5. Built-in Functions
|• Output functions||Functions for drawing and printing.|
|• File handling functions||Functions for storing data|
|• Interaction functions||Functions buttons and sliders.|
|• Mathematical functions||Function for doing mathematics.|
|• Auxiliary functions||All other functions.|
In this chapter all functions built into
fsc2 are discussed in
detail. These functions are available even when no device modules have
been specified in the
DEVICES section (or this section is
missing). Many functions can be used in the
PREPARATIONS as well as the
EXPERIMENT section of an
EDL script, but there are some that can be used only either
EXPERIMENT section starts or within the
The built-in functions can be roughly divided into four classes. The first class of functions are functions for drawing the measured data onto the screen, i.e. the main area of the display window (including functions for changing the axis scaling and labels etc.), functions for dealing with the output of the script, either by writing text to the browser in the lower half of the main window or by writing data etc. into files (including functions for specifying the files to be used).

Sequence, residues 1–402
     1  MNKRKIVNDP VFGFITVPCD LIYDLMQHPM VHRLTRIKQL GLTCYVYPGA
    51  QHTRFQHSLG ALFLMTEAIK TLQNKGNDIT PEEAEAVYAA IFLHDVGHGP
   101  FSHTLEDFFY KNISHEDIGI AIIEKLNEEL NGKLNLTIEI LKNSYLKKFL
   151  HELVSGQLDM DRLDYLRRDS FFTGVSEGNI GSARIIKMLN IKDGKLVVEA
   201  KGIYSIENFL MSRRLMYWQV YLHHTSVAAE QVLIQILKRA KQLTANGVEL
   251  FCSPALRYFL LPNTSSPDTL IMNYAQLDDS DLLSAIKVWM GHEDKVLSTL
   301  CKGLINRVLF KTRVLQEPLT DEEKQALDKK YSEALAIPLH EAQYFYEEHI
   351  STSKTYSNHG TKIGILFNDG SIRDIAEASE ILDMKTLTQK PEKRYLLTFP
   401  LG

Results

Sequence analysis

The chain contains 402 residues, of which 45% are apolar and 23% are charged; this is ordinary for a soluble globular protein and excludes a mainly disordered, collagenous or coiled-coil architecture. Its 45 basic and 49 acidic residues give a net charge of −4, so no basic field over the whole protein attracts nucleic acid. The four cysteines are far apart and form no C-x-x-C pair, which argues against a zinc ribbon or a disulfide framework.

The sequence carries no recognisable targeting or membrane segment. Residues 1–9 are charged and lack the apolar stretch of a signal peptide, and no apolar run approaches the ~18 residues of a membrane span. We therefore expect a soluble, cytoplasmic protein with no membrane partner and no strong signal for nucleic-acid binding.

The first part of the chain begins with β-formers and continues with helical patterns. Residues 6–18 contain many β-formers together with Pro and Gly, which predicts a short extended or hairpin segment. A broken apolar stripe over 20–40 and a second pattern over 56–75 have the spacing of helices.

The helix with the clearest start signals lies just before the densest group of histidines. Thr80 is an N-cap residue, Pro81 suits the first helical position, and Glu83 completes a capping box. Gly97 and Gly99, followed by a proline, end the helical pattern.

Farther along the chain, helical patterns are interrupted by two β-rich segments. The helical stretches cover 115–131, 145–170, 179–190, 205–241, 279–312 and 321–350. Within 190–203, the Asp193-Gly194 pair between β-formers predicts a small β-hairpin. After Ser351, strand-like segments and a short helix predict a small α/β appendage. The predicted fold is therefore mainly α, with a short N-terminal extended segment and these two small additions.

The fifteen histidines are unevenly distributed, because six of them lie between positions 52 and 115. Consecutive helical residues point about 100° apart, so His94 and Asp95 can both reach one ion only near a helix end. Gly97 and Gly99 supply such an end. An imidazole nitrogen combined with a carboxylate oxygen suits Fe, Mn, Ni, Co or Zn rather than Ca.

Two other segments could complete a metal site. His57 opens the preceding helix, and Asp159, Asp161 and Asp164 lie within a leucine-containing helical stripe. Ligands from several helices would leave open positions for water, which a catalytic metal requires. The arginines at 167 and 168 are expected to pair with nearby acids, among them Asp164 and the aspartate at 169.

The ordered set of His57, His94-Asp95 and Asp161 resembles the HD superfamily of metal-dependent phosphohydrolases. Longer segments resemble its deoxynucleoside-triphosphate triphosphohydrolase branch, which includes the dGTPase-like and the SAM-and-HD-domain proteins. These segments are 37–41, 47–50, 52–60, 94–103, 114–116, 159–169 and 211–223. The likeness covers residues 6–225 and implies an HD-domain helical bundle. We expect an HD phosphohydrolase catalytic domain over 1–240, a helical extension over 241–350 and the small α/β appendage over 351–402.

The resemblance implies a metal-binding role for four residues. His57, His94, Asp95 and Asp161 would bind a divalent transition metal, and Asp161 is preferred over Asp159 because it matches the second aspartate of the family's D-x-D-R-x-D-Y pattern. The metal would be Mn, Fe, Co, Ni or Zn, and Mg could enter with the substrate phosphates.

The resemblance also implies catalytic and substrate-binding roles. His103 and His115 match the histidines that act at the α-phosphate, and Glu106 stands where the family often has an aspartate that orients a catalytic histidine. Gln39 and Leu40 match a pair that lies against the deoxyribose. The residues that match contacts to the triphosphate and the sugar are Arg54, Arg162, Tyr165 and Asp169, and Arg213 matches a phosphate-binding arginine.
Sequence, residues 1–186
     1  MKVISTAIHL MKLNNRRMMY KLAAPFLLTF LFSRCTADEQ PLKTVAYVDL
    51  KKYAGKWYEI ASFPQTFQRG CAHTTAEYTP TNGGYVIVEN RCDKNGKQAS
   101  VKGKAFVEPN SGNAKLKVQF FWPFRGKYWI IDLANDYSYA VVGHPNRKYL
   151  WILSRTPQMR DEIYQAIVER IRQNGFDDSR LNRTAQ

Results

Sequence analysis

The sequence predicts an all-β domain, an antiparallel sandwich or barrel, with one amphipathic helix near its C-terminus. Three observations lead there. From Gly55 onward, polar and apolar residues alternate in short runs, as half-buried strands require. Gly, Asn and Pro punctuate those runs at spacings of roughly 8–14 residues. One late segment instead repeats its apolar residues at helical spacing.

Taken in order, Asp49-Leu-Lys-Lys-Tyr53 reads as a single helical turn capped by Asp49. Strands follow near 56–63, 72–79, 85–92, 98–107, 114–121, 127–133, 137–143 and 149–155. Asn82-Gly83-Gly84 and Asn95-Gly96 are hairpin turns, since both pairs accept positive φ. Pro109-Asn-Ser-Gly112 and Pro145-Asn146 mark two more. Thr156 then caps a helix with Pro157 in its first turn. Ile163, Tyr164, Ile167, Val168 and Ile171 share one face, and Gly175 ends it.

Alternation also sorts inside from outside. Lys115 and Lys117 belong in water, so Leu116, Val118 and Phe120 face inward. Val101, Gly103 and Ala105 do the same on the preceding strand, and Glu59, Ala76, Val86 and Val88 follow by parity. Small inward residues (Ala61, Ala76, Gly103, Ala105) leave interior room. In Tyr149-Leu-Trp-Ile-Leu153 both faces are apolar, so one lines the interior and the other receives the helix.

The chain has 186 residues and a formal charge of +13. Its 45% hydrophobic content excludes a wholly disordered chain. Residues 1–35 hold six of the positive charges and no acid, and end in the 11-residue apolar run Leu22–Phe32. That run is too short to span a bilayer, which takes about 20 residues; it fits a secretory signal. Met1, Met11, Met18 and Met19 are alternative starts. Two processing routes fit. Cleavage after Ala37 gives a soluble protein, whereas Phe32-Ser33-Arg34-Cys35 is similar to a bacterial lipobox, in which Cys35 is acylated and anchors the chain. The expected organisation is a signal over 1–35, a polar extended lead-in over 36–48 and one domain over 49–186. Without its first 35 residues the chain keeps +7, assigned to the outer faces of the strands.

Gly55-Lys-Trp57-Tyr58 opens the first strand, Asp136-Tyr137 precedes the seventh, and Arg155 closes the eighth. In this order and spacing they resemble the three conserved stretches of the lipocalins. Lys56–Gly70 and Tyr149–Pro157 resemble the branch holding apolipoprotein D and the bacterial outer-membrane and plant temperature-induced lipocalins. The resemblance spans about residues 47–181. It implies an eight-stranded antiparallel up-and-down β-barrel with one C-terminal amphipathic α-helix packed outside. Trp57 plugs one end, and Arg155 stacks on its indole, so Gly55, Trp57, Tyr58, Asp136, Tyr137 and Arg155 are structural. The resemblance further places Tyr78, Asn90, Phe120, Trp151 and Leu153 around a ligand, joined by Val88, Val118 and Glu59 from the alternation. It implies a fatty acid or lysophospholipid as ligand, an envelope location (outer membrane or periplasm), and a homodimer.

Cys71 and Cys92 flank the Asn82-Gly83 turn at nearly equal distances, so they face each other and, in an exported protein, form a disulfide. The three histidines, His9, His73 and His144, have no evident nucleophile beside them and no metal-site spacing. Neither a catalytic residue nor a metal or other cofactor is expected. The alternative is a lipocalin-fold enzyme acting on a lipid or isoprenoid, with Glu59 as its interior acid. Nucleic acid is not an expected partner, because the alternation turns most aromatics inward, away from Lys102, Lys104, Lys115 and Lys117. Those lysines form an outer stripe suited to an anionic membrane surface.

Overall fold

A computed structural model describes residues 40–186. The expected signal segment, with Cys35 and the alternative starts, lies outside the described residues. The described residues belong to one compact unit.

The second class of functions are interaction functions, functions that
allow to deal with additional graphical objects like buttons, sliders and
in- and output fields. These functions control the creation, setting,
query and deletion of these objects (all of them can be used only during
The third class of functions are mathematical functions that one would expect to find in most programming languages like (i.e. trigonometric functions, logarithms etc.).
Finally, the fourth class are auxiliary functions that can't be assigned to one of the other classes and consists of functions for dealing with time or date issues, conversion between different units or for determining the sizes of arrays and several more.
Please note that all functions, built-in functions as well as device functions (discussed in the next chapter), always return a value, even if the return value sometimes doesn't make too much sense.
This document was generated by Jens Thoms Toerring on September 6, 2017 using texi2html 1.82.